March 25, 2006

Arch City Chronicle

The new issue of Arch City Chronicle is out, and I'm a part of it.

Though I've written for them in the past, they asked me to be a regular contributor to their new architecture/real estate/design section. Basically, I'll do B.E.L.T. entries in print. Nice work if you can get it.

Click on the image if you want to actually read it. Or, if you're in St. Louis, just pick up a copy.

March 20, 2006

Dennis Quaid & Manorexia

Dennis Quaid flashes more flesh than most of our favorite bimbos, yet no one ever calls him on the endless chain of gratuitous shirtlessness for fear that he’d stop doing it! More accurately, since he’s a talented actor, popular media concentrates on that and overlooks his blatant flesh peddling. There’s a gender bias at play, but what choice do we have but to accept this and move on?

Even in his 50s, he has an amazing body, and an awful lot of work goes into that. There’s no such thing as accidental 6-pack abs, and I’m sure his daily fitness routine would shame Madonna. His dedication to his craft is acknowledged, yet his dedication to his physique is ignored.

Ignored, until Dennis revealed he was once manorexic. Yes, the same warped body image that is a tax write-off for Hollywood actresses also zapped The Torso. If the ever-svelte Quaid had fallen prey to the pressurized vanity of Hollywood, it begs the question: how many other actors have experienced this? Dennis was man enough to admit to a “girly” preoccupation with his looks, but is now secure enough to withstand the onslaught of “boylemic” jokes.

While contemplating Quaid’s disease that temporarily threatened that exquisite physique, I had brunch with a guy friend who’s been dieting to lose 30 pounds. So far, he’s lost 23 pounds and looks fabulous. As great as he looks right now, he insists that those last 7 pounds have got to go. I asked him to seriously consider staying right where he’s at because it’s (ahem) a thin line between looking good and looking scary. I sited the Farrah Fawcett’s and Nicole Richie’s of the world and warned that some future lost pound could mark the difference between looking youthful and looking elderly.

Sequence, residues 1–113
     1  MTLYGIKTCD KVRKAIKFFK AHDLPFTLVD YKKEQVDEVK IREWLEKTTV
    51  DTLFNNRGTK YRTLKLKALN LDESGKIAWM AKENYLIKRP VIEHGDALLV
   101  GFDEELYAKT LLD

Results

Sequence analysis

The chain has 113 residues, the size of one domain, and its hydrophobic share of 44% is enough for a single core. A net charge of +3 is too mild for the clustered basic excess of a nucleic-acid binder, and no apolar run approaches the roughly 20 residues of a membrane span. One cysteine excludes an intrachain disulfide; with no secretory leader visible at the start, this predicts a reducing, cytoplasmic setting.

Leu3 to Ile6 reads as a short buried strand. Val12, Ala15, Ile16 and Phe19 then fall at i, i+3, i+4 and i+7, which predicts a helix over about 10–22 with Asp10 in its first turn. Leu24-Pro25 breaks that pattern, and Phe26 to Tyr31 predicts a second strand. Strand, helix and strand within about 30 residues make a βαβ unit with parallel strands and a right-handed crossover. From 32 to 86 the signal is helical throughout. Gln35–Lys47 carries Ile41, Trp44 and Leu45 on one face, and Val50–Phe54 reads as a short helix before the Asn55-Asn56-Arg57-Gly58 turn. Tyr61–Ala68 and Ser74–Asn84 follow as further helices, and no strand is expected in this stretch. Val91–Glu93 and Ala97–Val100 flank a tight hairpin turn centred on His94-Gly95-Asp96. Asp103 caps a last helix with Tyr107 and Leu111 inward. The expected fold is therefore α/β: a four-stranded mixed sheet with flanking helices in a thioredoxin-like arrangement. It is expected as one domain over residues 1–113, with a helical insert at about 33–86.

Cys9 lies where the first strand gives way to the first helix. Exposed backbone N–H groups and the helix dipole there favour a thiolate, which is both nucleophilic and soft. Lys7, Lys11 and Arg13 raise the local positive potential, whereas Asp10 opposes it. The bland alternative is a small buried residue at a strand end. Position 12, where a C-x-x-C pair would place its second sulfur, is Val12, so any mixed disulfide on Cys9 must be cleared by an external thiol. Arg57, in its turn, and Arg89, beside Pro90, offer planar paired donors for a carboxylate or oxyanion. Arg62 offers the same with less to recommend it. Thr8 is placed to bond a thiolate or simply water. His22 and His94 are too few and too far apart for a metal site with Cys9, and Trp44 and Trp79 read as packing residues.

Rather than seeing what he actually looks like, he’s fixated on the goal. It has nothing to do with reality, but with a sense of self that’s threatening to veer out of bounds. Suddenly, I had a complete understanding of how someone like Dennis Quaid could have fallen prey and succumbed to that same mindset.

Dennis Quaid is ultra famous and constantly scrutinized by thousands of eyes. My friend is a somewhat public figure, but the pressure he feels to keep losing the weight comes only from him. Despite his profession, Quaid’s pressure came only from himself, too. Then he got a handle on it.

While contemplating the body image issues of my friend and Mr. Quaid, I noticed Fall Out Boy’s chubby singer, and wondered why so many American rockers are pudgy. Once upon a time, there were no fat rock stars allowed, with the exception of Leslie West, Meatloaf and Frank Black. But a generation of housebound, 20-somethings raised playing Nintendo on the couch have inherited rock, and the given of a rocker being a lean, hungry slash of energy is an antiquated notion… though Gerard Way, of My Chemical Romance, did purposely lose weight, maybe because a fat Goth is a complete oxymoron.

So, the young music boys are getting fat while the young music girls are starving themselves. Contrast the self-induced starving with the escalating obesity rates in America, and then Dennis Quaid reveals the secret of manorexia. For the young, weight has become such a dramatic black & white issue, but for Dennis Quaid, my friend and all of us middle-agers, a touch of grey is preferable.

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